It’s been a few years since We Happy Few was banned and subsequently re-rated R18. But someone very recently was apparently really interested in the reasons why, and they went as far as to submit a formal freedom of information request to the Government.
The Freedom of Information Act (FOI Act) is basically legislation that allows individuals, journalists and others the right to request information held by the Federal Government and any of its departments. There are exemptions for certain documents, and departments can always redact, or refuse to release, information for a variety of reasons.
But generally, the FOI Act lets regular Australians get access to a range of documents, emails, reports and data revealing more about the business of government, and how and why certain decisions are made.
And one of the things captured under the FOI Act is the right to see why certain video games are banned. I’ve reported before on people who have asked the Classification Board (via their parent department, the Department of Infrastructure, Transport, Regional Development and Communications) for old decision reports into video games, like that time someone wanted details on Warface seven years after its release.
Here’s what a FOI’d document from the Classification Board looks like. The image above is from the application for Warface in 2012, which was eventually released in 2013. You can see at the top of the document how an FOI number has been attached, with an added detail noting which document it is.
Thanks to government legislation, departments have to publish a list of all documents disclosed under FOI requests. So you can imagine my interest was piqued today when I saw an old listing noting that someone had FOI’d “Documents relating to video game ‘We Happy Few‘” in late March:
Why the hell does someone want info on We Happy Few now, I thought? It’s even stranger given the FOI documents only cover the first ban and not the subsequent report from the Review Board, which ultimately reclassified the game R18+. Even developers Compulsion Games, who were initially caught off guard by the RC rating, said the Australian guidelines left the Classification Board with no choice at the time.
“If I was going to provide suggestions to other developers who are concerned about running into these issues, it would be to make sure that any drug related stuff is couched in the appropriate context inside your game, and making that context very clear in your submission materials,” Sam Abbott, the producer on We Happy Few, told Kotaku Australia at the time.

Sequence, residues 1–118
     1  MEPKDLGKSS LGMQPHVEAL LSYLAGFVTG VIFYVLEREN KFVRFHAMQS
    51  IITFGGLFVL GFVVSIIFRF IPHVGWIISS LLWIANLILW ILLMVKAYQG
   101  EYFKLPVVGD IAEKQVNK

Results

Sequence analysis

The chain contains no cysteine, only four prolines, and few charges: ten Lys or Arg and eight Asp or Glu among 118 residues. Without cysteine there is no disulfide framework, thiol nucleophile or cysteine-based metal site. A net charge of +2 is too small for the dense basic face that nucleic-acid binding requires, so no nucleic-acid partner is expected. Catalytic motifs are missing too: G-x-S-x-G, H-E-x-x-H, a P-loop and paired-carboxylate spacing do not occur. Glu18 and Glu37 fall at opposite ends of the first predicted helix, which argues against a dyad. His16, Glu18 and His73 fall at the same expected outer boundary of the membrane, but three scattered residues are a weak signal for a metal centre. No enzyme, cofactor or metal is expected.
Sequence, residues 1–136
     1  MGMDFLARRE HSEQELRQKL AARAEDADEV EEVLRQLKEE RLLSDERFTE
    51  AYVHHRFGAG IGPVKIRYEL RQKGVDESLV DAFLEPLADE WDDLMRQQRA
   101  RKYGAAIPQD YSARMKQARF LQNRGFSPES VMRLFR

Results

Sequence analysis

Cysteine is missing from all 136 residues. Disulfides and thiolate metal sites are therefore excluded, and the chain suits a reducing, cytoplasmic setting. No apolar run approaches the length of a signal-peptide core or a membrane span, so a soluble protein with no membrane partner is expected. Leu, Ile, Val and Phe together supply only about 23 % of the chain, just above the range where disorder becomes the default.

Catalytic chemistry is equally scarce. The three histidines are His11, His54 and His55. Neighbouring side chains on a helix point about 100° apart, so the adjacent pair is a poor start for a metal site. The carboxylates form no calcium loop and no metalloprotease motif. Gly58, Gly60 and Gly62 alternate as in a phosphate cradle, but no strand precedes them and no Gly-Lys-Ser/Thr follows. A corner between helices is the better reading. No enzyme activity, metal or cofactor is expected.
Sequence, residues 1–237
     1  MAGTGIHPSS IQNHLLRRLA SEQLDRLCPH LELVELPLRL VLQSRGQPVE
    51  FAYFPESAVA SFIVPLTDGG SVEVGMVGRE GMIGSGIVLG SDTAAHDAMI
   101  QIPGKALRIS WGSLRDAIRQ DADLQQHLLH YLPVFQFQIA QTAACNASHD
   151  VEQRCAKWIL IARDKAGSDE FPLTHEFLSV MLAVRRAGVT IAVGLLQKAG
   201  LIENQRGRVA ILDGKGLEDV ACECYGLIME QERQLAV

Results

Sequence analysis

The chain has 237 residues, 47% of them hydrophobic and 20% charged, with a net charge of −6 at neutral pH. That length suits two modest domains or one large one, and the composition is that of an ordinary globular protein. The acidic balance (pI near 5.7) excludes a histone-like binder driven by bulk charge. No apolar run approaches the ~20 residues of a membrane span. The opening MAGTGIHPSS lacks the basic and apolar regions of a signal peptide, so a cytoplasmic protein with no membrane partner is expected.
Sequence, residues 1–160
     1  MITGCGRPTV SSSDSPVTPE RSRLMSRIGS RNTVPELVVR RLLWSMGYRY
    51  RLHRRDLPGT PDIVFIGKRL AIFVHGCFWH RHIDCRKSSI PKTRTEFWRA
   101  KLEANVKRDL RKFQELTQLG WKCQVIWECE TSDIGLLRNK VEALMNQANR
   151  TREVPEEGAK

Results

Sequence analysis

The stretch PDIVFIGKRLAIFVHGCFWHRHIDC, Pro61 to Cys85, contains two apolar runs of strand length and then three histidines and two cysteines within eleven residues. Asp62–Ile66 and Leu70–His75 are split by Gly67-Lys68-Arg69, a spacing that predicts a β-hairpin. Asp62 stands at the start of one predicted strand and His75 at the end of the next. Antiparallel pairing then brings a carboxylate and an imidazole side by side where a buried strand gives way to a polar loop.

What’s more interesting is that the document in question was the actual decision report into We Happy Few‘s first ban. This document was actually already made public through my reporting in 2018, although courtesy of the FOI process, that document now exists as a pink-coloured PDF that anyone can read and download.
Here’s a snippet of what I quoted from the report a few years ago:
In one sequence, an NPC is viewed on the ground, convulsing owing to a reaction from taking a Joy pill, which has subsequently turned bad. After several NPCs encourage her to take Joy and she refuses, fearing that it will have an adverse effect, they beat her with steel pots and a shovel, until she is implicitly killed.
In another sequence, the player is seen in first-person view, entering a telephone box that contains three large pill dispensers, each holding a different flavoured Joy pill. The player consumes a Joy pill and a swarm of brightly-coloured butterflies appear as well as rainbows and coloured pathways on the ground, improving speed and visibility for the player.
And here’s what the report looks like in full:
What’s interesting is that the FOI version of the document has an extra page which outlines the way the individual panellists or reviewers voted in this particular circumstance. In We Happy Few‘s case, the initial decision to ban the game was “unanimous”, and as per the normal process for anything banned in Australia, the then-director of the Classification Board signed off on it.
So that’s all well and good, but it begs the question: why does someone want this information about We Happy Few now?
One possibility, and one that we saw when Warface‘s old classification applications were dug up, is We Happy Few‘s developers or publishers. Looking at past decision reports and applications can be hugely useful for sequels or future releases. It might also not have anything to do with We Happy Few, but someone within the same publisher (like Gearbox) or another developer who remembers the ban and wants to avoid potential future landmines.
And it could also just be someone completely unrelated to all of that. There’s no public log of who submitted the request. But it’s on the record that someone is sniffing around old info for We Happy Few, which is interesting, if nothing else.